So there we were exchanging banter with the crossing keeper, our party of ten Windmillers having just set out from The Cock at Henham, and barely 2 miles into a 30 mile tour of North Essex / North Herts. We had come close to being just nine Windmillers, Rod having forgotten his helmet and about to head home, when Landlady Mel, bless her, appeared with a spare one she keeps on the premises. Now that’s what we call a cycling friendly pub.
Some three trains later, the keeper opened the crossing and we were underway once more, heading for Ugley Green and all points west.
Maurice had promised us a flat ride but, e-bike convert that he is, maybe he no longer notices the hills. We certainly did and, as the morning wore on and the mercury headed upwards of 25C, our once-tight peloton became strung out over a mile or more. While some of us like it hot, others, most notably Simon, aren’t so keen and, by the time we pulled in for refreshment at Braughing, he was looking distinctly pink.
It was in Braughing that Maurice had arranged an out-of-hours visit to The Golden Fleece. Mid-way round and run by our good pals, Pete and Jess, where better to stop off and take on some much needed water, coffee and biscuits.
Back on the bikes Maurice took the return leg at quite a lick, having promised Mel he would get us back in good time for lunch, so we were grateful when Henham and the The Cock finally hove into view. Sitting in the garden, we enjoyed a restorative pint while Mel’s team served up an excellent lunch.
For the record, our peloton comprised Alan, Andrew, Brian, Chris, Geoff, Graham, Maurice, Rod, Simon and Victor.
Thanks go to Maurice and Andrew for organising things, Jess and Peter for opening up The Fleece, and Mel for her hospitality (and helmet) at The Cock.
And finally, we wish our pal Lawrence, currently laid up in St George’s Hospital, a speedy recovery from his illness. We hope to see him back in the saddle soon.
Thirteen Windmillers, a veritable baker’s dozen, followed Maurice out of Braughing towards Puckeridge. Born and bred in these ‘ere parts, Maurice needs no map, knowing as he does every nook, cranny, lane and hedgerow, not to mention public house, within a 30 mile radius.
We were off on a 33 mile tour of North East Herts. Twas a lovely morning, and a goodly turnout to boot; following Maurice were: Alan, Andrew, Brian, Charles, Deborah, Graham, Hazel, Howard, Nigel, Roger, Simon and Victor.
The highlight of this particular route is the delightful five mile section along the riverside, running from Hertford, through Ware and on to Stanstead Abbotts. And where better to pull in for refreshment than Ware Café, where we enjoyed coffee and cake in the garden.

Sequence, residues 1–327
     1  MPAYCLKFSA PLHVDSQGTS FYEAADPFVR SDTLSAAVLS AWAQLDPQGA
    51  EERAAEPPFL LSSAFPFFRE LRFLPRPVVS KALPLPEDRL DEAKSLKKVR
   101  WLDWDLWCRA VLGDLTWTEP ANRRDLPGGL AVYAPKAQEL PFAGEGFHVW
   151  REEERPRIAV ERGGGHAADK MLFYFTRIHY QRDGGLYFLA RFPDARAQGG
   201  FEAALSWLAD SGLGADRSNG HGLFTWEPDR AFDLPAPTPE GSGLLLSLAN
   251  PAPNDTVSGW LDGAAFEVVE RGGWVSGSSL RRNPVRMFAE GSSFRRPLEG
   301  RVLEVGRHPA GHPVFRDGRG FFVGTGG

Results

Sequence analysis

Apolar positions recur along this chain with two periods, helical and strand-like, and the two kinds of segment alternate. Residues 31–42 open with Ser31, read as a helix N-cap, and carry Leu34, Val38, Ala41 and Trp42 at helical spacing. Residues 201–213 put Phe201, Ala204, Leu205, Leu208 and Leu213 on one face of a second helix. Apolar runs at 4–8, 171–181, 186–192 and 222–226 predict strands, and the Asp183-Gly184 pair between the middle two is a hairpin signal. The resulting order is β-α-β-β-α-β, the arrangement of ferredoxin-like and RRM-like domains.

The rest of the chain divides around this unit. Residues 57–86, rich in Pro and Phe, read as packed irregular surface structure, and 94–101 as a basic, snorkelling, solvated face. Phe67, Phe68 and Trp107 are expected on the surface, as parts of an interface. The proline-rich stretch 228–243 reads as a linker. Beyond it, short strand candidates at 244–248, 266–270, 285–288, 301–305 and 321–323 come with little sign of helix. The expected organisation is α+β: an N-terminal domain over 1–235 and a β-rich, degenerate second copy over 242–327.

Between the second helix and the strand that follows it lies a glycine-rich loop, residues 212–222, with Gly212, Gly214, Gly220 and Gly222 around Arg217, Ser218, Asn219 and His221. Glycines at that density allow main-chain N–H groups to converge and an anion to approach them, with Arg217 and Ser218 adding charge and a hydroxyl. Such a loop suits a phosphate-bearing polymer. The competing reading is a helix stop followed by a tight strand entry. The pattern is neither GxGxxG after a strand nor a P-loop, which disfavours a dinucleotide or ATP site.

Setting off on the return leg, we headed for Hunsdon, Perry Green and thence Braughing where, pulling into the Golden Fleece, we were delighted to be joined by Suzanne who had pedalled all the way from Abington.
Our thanks as ever go to Maurice and Andrew for organising things; Simon who got stiffed with the rather large bill for refreshments at Ware; plus Charles, Graham and Hazel for the many photographs which you can find here in the club album.
It was polling day and the Windmillers were exercising their democratic right to roam North East Hertfordshire. Our safe seats were Maurice, Andrew, Suzanne, Deborah, Tom, Roger, Brian, Graham, Simon, Howard, Charles, Alan, Victor, Rod and Lawrence.
Maurice set the pace, leading a slim majority out of Braughing towards Puckeridge, followed five minutes later by Andrew’s coalition of Scots, Irish and independent hopefuls.
The constituency of North East Hertfordshire has an electorate of some 76,000 – but thankfully only a small proportion of them were out driving; we enjoyed quiet roads, unhindered by traffic.
Stopping for refreshments at Church Farm, Ardeley, our two parties caught up and, resisting the urge to score cheap political points, we compared manifestos over coffee and cake.
Back on the bikes we headed for Haultwick (according to Roger it’s pronounced ‘Artic’) and Cromer, where we paused for the obligatory Windmillers-by-the-Windmill photograph. Then it was on to Sandon, Buntingford and Westmill before returning to Braughing.
Arriving in the garden of the Golden Fleece, Peter and Jess gave us shelter from the elements and served up an excellent lunch, made all the more special by Andrew buying the beers. Happy Birthday, Andrew, and lang may yer lum reek!
Our thanks go to the Whips’ Office – Maurice and Andrew. Also Charles and Simon for the photographs – and Peter & Jess for taking such good care of us at the Fleece.
Brian should know better than to just blindly follow Maurice’s GPX routes. He should know by now these provide general guidance as to direction rather than turn-by-turn instruction. Just because said route directs you off-road, through a wood, up a grassy bank, over several stiles and across a paddock full of frisky horses – doesn’t mean you should follow it unquestioningly. Alas, that is just what Brian did – as did all the other mugs who followed him.